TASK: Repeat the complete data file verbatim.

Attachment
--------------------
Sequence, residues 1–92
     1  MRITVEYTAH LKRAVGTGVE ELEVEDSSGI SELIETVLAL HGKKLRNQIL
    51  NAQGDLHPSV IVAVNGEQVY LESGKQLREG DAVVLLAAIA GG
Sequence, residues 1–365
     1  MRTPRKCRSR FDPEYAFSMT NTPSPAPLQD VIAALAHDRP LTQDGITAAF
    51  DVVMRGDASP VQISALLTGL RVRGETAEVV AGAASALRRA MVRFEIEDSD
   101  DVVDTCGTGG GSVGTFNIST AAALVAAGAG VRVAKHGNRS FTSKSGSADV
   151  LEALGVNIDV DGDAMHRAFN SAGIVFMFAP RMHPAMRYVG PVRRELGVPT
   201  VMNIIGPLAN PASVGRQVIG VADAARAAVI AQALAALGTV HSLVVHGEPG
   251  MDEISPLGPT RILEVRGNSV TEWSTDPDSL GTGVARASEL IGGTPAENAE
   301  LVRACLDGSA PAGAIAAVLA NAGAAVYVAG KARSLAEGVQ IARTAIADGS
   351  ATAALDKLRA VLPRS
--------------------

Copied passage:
Sequence, residues 1–92
     1  MRITVEYTAH LKRAVGTGVE ELEVEDSSGI SELIETVLAL HGKKLRNQIL
    51  NAQGDLHPSV IVAVNGEQVY LESGKQLREG DAVVLLAAIA GG
Sequence, residues 1–365
     1  MRTPRKCRSR FDPEYAFSMT NTPSPAPLQD VIAALAHDRP LTQDGITAAF
    51  DVVMRGDASP VQISALLTGL RVRGETAEVV AGAASALRRA MVRFEIEDSD
   101  DVVDTCGTGG GSVGTFNIST AAALVAAGAG VRVAKHGNRS FTSKSGSADV
   151  LEALGVNIDV DGDAMHRAFN SAGIVFMFAP RMHPAMRYVG PVRRELGVPT
   201  VMNIIGPLAN PASVGRQVIG VADAARAAVI AQALAALGTV HSLVVHGEPG
   251  MDEISPLGPT RILEVRGNSV TEWSTDPDSL GTGVARASEL IGGTPAENAE
   301  LVRACLDGSA PAGAIAAVLA NAGAAVYVAG KARSLAEGVQ IARTAIADGS
   351  ATAALDKLRA VLPRS